Southern Arizona voters have given Rep. Raúl Grijalva — one of the biggest critics of President Trump — a ninth term in Congress.
Grijalva, a Tucson Democrat first elected to the House of Representatives in 2003, had nearly 60.9 percent of the vote, while Republican challenger Nick Pierson had about 39.1 percent in early returns.
It is unclear how many votes had not been counted in Congressional District 3, but it was unlikely Pierson could mount a comeback based on trends in early ballots counted and in provisional ballots.
“It is our turn at the wheel,” Grijalva said Tuesday night of Democrats taking back the House. “Congress will be checking the worst excesses and instincts of the Trump administration.”
In the heavily Democratic district, where 43 percent of voters are Democrats and 20 percent are Republicans, Pierson joins a long line of Republican challengers who have tried to unseat Grijalva.
Pierson attempted early in the race to make it about values, but found himself repeatedly defending his debate comment that Grijalva was a “not a good example of a Mexican-American, and he’s not a good example of an American.”
Labeled as racist by his critics, Pierson told reporters that his comments were taken out of context, and he noted his mother was Hispanic and he has lived in Southern Arizona all his life.
Pierson pointed to a $48,000 legal claim filed against Grijalva by a House committee employee, settled last year, repeating allegations that he was intoxicated on the job.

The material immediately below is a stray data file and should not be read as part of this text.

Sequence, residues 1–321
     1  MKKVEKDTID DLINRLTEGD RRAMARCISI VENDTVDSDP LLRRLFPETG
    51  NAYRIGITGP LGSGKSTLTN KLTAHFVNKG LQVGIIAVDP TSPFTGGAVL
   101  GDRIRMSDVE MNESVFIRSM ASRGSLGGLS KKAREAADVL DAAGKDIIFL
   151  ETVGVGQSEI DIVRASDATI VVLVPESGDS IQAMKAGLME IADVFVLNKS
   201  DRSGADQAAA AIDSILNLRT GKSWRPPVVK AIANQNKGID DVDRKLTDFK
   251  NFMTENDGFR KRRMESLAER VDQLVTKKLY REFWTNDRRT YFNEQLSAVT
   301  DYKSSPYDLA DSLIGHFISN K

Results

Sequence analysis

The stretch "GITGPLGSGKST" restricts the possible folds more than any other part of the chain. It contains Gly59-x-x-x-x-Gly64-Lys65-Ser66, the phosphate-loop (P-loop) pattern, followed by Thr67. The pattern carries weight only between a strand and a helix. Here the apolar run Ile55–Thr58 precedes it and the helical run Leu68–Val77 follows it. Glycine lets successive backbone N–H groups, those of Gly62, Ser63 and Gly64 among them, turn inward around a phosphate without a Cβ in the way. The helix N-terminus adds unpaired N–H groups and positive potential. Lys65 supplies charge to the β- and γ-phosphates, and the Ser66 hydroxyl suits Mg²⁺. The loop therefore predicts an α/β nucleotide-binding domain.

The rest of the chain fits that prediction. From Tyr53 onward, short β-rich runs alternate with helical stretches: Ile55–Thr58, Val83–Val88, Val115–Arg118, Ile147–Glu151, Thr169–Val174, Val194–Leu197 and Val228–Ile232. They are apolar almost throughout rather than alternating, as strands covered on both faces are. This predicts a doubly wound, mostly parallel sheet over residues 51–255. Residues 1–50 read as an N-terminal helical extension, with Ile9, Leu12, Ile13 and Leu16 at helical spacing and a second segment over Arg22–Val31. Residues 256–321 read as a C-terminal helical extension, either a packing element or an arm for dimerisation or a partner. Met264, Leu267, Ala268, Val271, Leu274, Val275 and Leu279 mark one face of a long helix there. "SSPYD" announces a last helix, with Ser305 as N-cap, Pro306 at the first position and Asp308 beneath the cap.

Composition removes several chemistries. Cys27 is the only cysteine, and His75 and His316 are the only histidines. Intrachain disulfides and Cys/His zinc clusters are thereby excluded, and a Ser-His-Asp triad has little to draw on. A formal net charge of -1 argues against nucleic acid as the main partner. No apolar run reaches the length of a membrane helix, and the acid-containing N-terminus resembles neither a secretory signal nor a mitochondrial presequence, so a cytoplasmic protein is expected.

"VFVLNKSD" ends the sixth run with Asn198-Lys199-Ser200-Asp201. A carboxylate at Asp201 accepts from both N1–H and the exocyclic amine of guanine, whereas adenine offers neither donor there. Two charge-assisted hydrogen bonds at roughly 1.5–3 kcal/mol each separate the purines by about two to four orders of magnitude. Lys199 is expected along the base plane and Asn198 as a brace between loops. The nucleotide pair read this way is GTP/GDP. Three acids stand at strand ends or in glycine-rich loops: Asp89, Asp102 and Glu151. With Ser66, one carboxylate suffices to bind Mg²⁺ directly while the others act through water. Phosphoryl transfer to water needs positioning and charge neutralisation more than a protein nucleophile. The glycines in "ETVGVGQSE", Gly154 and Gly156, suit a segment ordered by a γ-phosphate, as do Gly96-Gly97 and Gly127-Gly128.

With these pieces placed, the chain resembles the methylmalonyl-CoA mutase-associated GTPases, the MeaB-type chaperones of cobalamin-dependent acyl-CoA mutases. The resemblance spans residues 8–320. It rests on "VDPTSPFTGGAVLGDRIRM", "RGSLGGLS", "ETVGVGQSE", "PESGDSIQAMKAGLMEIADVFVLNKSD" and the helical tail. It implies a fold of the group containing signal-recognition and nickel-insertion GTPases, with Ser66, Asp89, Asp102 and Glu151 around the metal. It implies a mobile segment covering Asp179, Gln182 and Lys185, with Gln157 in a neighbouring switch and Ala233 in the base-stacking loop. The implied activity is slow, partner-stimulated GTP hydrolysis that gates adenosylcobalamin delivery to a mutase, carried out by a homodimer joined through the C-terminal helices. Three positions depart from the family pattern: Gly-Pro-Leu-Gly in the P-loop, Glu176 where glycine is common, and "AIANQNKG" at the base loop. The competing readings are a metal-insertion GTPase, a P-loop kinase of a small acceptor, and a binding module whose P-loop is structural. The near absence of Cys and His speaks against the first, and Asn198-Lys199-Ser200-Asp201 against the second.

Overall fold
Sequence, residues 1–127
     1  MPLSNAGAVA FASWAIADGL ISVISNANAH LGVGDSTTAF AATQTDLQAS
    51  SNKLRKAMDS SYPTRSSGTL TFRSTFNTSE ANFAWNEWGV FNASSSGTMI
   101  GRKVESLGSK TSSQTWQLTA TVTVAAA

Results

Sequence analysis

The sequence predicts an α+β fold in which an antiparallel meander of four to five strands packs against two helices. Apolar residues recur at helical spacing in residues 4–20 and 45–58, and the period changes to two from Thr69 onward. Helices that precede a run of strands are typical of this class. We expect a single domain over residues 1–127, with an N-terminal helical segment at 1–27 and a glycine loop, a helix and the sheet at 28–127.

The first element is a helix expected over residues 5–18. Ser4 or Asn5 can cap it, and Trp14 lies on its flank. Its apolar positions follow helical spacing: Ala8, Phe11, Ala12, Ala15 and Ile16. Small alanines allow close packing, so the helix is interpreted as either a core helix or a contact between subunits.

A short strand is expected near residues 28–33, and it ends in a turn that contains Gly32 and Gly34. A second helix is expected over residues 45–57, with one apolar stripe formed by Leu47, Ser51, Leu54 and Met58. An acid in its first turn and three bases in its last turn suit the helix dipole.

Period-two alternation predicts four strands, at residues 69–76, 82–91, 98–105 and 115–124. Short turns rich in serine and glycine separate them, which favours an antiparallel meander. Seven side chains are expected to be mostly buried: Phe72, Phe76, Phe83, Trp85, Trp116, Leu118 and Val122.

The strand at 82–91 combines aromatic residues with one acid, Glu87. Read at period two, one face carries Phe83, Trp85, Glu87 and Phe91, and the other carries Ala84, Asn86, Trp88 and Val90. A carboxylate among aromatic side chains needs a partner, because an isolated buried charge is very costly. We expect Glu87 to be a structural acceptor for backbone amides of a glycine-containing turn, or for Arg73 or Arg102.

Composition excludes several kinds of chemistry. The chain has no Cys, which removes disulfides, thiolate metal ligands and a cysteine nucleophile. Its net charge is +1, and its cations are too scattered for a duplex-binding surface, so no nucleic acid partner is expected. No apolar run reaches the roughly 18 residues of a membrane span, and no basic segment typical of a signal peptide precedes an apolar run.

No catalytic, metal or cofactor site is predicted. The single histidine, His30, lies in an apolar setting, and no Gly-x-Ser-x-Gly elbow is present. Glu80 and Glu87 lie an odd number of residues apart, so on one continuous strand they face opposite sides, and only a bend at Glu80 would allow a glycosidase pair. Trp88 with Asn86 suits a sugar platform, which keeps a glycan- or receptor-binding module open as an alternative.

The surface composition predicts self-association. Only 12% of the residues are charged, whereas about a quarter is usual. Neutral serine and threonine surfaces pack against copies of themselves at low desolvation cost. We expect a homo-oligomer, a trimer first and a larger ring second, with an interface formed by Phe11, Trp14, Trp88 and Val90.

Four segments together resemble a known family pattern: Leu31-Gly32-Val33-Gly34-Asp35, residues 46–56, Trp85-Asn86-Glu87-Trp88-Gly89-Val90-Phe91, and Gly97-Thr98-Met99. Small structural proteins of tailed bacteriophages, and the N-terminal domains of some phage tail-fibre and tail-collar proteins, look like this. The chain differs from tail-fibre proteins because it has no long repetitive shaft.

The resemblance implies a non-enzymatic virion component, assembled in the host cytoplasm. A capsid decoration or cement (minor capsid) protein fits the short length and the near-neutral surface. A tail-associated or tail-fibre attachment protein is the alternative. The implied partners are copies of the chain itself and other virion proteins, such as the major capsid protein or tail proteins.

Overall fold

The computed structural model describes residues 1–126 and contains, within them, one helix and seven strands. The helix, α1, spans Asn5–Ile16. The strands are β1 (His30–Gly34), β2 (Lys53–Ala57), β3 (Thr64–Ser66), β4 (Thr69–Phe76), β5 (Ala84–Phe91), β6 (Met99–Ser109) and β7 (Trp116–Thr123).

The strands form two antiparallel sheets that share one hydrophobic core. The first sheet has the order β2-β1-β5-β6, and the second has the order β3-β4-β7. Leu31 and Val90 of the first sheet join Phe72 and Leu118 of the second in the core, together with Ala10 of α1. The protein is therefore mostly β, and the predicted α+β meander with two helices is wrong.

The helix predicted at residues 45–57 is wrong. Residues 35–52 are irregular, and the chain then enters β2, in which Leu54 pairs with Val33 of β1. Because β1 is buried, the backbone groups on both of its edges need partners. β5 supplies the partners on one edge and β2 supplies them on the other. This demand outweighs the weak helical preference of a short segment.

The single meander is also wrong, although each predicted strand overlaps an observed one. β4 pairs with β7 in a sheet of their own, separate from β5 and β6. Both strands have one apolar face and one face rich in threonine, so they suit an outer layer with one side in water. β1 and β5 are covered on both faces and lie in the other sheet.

Grijalva — who is bound by confidential agreement related to the settlement — has said that the settlement isn’t related in any way to sexual harassment.
An ethics investigation, requested by the congressman, ended in a recommendation to dismiss a complaint against him. He has repeatedly denied he was ever drunk on the job.
For his part, Grijalva did not campaign heavily against Pierson. The campaign’s one ad was a low-budget video of him driving around the district. The point of the ad, released on Facebook, was to note that Pierson doesn’t live in the district.
Federal rules do not require that a candidate live in the district before the election, but a member of Congress must have a district residence if elected.
Pierson also struggled to match Grijalva in terms of fundraising.
The Republican businessman raised $59,043 by mid-October, compared to the $632,548 raised by Grijalva’s campaign, records from the Center for Responsive Politics show.
Contact reporter Joe Ferguson at firstname.lastname@example.org or 573-4197. On Twitter: @JoeFerguson